Lessen the pace and get adequate sleep

Sleep disorders contribute to most diseases.  Abnormal sleep patterns predict lower life expectancy and insomnia contributes to mood disorders, obesity and reduced quality of life. Blue Zones participants not only reported good sleep, but regularly took a daily nap.  The more ‘outside’ lifestyle and sunlight exposure also contributed to better sleep quality.  Enjoy the state of being relaxed.  Meditation and other relaxation activities can provide a recharge for the system, in particular giving the brain a rest, especially in our fast-paced world.

Stress Less

Stress and depression increase stress hormone levels.  For example, cortisol and growth hormones increase insulin resistance, leading to elevated insulin levels.  This increases the chances of diabetes, cardio-vascular disease, obesity, cancer and other illnesses.  Stress is the most commonly given reason for not only poor health but also poor habits.   ‘Unloading’, talking about our problems with a confidante; group therapy; art; writing etc. is extremely beneficial.  To live longer and healthier we need to find ways to manage our stress, and the good news is, the healthier we are – the more we adopt this blueprint for optimal health – the less stress we seem to suffer.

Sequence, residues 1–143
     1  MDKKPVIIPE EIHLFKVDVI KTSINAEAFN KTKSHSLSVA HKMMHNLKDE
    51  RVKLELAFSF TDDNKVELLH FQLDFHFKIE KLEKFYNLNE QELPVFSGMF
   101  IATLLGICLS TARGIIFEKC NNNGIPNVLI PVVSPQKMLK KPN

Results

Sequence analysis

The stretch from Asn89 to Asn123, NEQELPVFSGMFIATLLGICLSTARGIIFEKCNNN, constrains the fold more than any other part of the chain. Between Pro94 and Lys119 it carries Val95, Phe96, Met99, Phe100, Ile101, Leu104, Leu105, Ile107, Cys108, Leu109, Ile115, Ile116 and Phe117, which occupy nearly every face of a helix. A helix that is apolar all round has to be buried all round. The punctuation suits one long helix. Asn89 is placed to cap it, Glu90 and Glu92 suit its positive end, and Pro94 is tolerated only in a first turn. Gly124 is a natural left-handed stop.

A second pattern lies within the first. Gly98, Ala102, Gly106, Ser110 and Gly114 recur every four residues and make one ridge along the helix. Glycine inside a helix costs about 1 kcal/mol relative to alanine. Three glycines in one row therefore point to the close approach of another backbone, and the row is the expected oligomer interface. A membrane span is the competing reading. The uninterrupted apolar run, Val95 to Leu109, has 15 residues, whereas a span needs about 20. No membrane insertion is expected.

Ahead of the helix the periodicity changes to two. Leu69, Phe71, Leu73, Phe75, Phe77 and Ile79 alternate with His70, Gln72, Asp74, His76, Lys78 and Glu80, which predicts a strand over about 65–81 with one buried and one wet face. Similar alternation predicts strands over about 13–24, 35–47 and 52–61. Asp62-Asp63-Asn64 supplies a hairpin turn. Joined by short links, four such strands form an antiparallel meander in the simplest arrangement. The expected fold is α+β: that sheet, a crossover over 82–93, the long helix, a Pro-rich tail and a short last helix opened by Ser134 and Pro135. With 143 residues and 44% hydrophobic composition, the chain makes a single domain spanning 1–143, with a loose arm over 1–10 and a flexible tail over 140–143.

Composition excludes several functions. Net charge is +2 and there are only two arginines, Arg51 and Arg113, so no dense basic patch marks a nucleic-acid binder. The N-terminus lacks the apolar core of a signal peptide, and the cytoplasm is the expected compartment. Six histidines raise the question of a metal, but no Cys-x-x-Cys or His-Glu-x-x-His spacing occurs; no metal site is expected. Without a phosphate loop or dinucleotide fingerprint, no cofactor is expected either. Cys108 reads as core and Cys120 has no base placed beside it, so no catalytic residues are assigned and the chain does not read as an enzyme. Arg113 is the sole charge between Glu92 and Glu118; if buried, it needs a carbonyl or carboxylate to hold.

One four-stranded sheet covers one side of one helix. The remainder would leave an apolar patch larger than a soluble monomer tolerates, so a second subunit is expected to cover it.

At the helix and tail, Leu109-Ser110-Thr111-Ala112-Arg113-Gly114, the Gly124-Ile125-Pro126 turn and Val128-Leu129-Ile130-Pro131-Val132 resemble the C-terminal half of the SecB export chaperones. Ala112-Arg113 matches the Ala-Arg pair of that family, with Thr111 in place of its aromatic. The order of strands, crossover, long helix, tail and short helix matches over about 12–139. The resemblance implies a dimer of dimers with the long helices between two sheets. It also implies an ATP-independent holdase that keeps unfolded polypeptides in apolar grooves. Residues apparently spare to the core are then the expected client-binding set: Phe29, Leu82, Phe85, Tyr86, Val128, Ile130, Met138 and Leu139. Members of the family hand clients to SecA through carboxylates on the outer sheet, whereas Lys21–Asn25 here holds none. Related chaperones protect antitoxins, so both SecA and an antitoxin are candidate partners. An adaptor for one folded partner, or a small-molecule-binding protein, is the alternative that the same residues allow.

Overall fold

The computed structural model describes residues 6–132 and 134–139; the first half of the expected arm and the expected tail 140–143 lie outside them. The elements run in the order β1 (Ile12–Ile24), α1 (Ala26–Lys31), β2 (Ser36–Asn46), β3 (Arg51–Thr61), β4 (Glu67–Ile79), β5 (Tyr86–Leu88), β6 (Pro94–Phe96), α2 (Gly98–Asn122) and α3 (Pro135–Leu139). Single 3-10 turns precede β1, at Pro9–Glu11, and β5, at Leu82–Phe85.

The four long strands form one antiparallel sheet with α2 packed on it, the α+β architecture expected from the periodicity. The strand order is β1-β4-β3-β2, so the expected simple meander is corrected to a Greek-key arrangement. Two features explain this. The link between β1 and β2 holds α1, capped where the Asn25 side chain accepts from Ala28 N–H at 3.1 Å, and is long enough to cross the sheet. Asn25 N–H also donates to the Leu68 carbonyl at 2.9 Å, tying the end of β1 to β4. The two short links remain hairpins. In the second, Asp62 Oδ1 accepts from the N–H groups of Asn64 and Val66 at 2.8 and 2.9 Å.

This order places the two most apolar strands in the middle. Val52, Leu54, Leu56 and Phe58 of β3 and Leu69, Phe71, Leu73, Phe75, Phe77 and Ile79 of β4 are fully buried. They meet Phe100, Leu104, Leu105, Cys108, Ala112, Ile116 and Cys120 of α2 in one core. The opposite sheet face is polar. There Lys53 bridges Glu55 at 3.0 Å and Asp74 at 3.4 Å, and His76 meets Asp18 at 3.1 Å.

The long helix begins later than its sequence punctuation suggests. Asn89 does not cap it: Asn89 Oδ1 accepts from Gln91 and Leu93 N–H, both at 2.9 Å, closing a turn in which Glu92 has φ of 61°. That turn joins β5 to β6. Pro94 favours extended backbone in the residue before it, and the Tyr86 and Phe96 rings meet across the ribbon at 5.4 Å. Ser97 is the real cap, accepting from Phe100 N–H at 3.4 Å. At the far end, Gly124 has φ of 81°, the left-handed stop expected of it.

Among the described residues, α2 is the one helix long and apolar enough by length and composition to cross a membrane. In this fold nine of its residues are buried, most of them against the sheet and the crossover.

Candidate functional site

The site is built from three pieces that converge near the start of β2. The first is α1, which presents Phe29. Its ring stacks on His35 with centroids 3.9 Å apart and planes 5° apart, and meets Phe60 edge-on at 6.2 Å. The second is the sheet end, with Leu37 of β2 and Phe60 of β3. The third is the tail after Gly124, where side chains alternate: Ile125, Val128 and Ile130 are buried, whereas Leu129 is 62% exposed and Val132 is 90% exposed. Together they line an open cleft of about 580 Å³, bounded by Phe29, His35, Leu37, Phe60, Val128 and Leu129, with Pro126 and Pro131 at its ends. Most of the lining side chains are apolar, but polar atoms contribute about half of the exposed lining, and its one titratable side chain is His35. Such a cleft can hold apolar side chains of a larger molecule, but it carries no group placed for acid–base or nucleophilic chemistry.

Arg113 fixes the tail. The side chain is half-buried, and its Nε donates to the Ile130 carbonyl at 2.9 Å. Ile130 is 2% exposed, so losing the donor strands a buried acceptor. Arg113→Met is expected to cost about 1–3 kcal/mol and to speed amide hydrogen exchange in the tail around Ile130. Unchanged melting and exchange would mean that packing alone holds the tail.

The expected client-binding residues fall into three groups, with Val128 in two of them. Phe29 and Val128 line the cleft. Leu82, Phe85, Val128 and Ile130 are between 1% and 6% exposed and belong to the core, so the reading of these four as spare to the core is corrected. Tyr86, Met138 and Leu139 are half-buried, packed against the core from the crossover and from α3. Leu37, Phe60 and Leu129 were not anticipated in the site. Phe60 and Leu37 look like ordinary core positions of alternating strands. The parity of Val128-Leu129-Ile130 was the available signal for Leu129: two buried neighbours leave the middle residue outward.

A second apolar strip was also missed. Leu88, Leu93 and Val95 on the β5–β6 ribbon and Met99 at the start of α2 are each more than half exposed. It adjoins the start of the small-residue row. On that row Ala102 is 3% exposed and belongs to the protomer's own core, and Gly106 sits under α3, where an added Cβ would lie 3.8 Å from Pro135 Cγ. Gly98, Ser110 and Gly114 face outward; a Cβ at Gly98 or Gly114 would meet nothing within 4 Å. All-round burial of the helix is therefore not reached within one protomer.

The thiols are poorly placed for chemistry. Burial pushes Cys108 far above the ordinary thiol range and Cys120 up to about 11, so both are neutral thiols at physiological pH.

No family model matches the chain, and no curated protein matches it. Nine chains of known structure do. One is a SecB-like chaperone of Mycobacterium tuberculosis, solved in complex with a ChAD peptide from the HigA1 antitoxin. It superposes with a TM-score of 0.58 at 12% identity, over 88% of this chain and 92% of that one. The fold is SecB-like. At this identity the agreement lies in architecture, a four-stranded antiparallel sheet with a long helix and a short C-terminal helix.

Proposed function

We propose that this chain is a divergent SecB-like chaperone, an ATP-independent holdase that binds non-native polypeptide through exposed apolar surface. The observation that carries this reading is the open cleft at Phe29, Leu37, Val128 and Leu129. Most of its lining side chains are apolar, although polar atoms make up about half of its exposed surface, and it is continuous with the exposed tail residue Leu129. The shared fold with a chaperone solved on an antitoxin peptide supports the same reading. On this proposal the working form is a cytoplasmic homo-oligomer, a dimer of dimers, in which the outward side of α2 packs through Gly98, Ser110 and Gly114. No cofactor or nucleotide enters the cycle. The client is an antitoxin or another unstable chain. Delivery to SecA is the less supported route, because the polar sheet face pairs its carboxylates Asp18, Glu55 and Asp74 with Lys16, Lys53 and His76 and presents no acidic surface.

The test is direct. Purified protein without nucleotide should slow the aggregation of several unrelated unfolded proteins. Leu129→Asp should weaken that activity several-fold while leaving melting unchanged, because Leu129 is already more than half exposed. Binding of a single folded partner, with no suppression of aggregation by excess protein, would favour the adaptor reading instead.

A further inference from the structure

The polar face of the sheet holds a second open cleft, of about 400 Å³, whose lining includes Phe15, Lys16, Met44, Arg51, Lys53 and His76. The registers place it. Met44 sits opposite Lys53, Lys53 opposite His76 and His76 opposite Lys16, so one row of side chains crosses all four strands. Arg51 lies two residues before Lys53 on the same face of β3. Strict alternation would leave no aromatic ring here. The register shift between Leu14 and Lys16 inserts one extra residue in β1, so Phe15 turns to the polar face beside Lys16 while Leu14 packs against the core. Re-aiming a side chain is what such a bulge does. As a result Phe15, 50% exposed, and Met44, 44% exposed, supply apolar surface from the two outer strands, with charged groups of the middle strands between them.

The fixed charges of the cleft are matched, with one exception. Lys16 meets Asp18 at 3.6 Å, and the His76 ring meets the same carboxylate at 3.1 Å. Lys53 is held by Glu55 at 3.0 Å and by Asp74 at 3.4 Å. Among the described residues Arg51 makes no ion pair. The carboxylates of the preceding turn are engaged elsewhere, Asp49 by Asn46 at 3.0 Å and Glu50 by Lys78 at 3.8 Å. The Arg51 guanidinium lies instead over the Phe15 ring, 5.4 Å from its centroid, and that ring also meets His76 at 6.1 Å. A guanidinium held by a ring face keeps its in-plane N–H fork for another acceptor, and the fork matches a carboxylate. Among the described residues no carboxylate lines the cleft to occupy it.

A Meaningful Life

Participants in the Blue Zone study evidenced a sense of peace and harmony that may be derived from spirituality and cultivating a sense of meaning.  A sense of purpose and a reason for being was seen to be foundational to a happy life.   ‘Meaning in Life’ is different for all people, for some it may be linked to faith, others to nature, philosophy, art, the wondrous universe etc.

The Blue Zones centenarians all tended to belong to faith-based communities.  A strong community of Seventh-day Adventists were studied in Loma Linda, California who apart from promotion of healthy lifestyle, have a deep commitment to their faith.

Taking time daily to pray, meditate or reflect can bring a sense of calm and meaning.

We may feel that our world is a long way from Ikaria, or Okinawa, there is still much we can learn and adapt into our own Western-style busy lives.

We may not be able to change the world we live in, but we can change the way we live in the world. 

A happy and healthy 2023!



Ornish Lifestyle Medicine

Framingham Heart Study

Buettner, D (2008), The Blue Zones: lessons for living longer from the people who’ve lived longest, National Geographic Society

Kotsirilos V, VItetta L, Sali A, (2011)  A guide to evidence-based integrative and complementary medicine, Elsevier